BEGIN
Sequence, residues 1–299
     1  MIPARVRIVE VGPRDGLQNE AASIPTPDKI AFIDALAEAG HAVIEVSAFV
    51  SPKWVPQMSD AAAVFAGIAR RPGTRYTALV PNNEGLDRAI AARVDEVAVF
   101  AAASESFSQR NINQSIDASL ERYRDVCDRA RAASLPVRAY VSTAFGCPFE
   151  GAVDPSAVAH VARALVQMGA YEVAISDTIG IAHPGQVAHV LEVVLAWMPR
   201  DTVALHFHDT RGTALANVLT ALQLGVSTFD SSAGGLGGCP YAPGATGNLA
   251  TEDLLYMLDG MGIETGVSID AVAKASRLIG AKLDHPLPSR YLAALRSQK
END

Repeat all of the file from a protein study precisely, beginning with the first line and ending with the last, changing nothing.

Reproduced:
Sequence, residues 1–299
     1  MIPARVRIVE VGPRDGLQNE AASIPTPDKI AFIDALAEAG HAVIEVSAFV
    51  SPKWVPQMSD AAAVFAGIAR RPGTRYTALV PNNEGLDRAI AARVDEVAVF
   101  AAASESFSQR NINQSIDASL ERYRDVCDRA RAASLPVRAY VSTAFGCPFE
   151  GAVDPSAVAH VARALVQMGA YEVAISDTIG IAHPGQVAHV LEVVLAWMPR
   201  DTVALHFHDT RGTALANVLT ALQLGVSTFD SSAGGLGGCP YAPGATGNLA
   251  TEDLLYMLDG MGIETGVSID AVAKASRLIG AKLDHPLPSR YLAALRSQK